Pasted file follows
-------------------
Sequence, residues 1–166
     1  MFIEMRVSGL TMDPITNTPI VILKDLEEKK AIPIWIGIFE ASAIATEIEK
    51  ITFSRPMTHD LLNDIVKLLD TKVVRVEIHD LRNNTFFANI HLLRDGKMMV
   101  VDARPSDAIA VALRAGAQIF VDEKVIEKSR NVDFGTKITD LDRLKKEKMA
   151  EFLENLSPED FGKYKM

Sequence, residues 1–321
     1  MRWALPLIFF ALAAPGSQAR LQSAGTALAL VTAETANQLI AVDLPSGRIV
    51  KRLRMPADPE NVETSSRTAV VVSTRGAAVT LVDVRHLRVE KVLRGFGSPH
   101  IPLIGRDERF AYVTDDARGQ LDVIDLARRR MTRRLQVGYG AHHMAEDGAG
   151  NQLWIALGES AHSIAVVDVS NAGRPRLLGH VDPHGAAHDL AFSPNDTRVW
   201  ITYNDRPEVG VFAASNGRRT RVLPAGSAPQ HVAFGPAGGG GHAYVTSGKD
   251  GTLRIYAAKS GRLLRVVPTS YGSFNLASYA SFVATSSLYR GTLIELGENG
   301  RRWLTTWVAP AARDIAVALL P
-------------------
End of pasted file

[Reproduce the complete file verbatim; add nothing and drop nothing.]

Sequence, residues 1–166
     1  MFIEMRVSGL TMDPITNTPI VILKDLEEKK AIPIWIGIFE ASAIATEIEK
    51  ITFSRPMTHD LLNDIVKLLD TKVVRVEIHD LRNNTFFANI HLLRDGKMMV
   101  VDARPSDAIA VALRAGAQIF VDEKVIEKSR NVDFGTKITD LDRLKKEKMA
   151  EFLENLSPED FGKYKM

Sequence, residues 1–321
     1  MRWALPLIFF ALAAPGSQAR LQSAGTALAL VTAETANQLI AVDLPSGRIV
    51  KRLRMPADPE NVETSSRTAV VVSTRGAAVT LVDVRHLRVE KVLRGFGSPH
   101  IPLIGRDERF AYVTDDARGQ LDVIDLARRR MTRRLQVGYG AHHMAEDGAG
   151  NQLWIALGES AHSIAVVDVS NAGRPRLLGH VDPHGAAHDL AFSPNDTRVW
   201  ITYNDRPEVG VFAASNGRRT RVLPAGSAPQ HVAFGPAGGG GHAYVTSGKD
   251  GTLRIYAAKS GRLLRVVPTS YGSFNLASYA SFVATSSLYR GTLIELGENG
   301  RRWLTTWVAP AARDIAVALL P